OSHA Withdraws Vaccine-or-Test Mandate for Businesses

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Updated Feb 1, 2022
OSHA withdraws vaccine or test mandate for businesses
OSHA withdraws its vaccine-or-test mandate for businesses with more than 100 employees.

The U.S. Occupational Safety and Health Administration has withdrawn its emergency temporary standard that called for a vaccine-or-test mandate for private businesses with 100 or more employees.

The withdrawal follows the U.S. Supreme Court issuing a stay January 13 to block the standard from taking effect. The court did not outright strike down the standard but sent it back to an Appeals Court to debate its legal merits. However, a majority of justices said OSHA overstepped its authority in requiring that employees either get vaccinated or undergo weekly testing and wear face masks at companies with 100 or more workers.

Various trade, business and political groups and state governments were prepared to continue to fight against the mandate in court. Today’s withdrawal by OSHA kills the emergency temporary standard, effective January 26, that the agency was prepared to enforce.

In its statement today, however, OSHA said it was not withdrawing the emergency temporary standard as a proposed rule and is “prioritizing its resources to focus on finalizing a permanent COVID-19 Healthcare Standard.”

Although, the court stayed the standard for private employers it left intact a similar mandate for healthcare workers at facilities that receive federal funding. There is also a vaccine-or-test mandate for federal contractors that has been blocked and is working its way through the courts.

The Associated General Contractors, which has fought the emergency temporary standard in court, said the withdrawal will help larger construction companies retain employees who might have quit to join smaller firms that were not subject to the standard.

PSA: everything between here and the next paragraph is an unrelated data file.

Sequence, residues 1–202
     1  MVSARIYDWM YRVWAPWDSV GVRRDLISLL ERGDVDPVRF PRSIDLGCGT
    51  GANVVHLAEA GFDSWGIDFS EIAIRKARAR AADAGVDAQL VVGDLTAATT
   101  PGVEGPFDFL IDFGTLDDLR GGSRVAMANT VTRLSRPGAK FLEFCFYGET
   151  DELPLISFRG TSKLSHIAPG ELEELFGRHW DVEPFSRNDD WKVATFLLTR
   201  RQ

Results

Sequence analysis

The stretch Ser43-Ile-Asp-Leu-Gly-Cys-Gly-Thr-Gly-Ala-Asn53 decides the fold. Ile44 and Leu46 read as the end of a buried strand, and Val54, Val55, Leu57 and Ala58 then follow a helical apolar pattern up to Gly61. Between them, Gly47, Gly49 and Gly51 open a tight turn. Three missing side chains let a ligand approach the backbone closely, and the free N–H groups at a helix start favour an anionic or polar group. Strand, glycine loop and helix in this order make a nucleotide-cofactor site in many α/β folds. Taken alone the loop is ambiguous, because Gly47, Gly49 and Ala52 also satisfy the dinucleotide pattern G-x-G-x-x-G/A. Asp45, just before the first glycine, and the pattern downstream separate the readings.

“The Biden administration is right to abandon its misguided vaccine emergency rule and we encourage them to do the same with a similar measure affecting federal contractors that we are also challenging in court,” said Stephen E. Sandherr, the association’s chief executive officer. “At the same time, we will continue to work with the administration to ensure its planned permanent vaccine rule applies only to workers in industries like healthcare that OSHA deems at high risk from the coronavirus.”

It remains uncertain what OSHA’s final Covid-19 health rule will be as it takes comments on the proposal.

The American Road and Transportation Builders Association has also opposed the emergency temporary standard in court and has urged OSHA to withdraw it. It has also been concerned that the standard could be expanded to all private employers regardless of company size. ARTBA also plans to keep an eye on OSHA’s rule-making process.

{Related Content: Supreme Court Blocks Vaccine-or-Test Mandate for Businesses}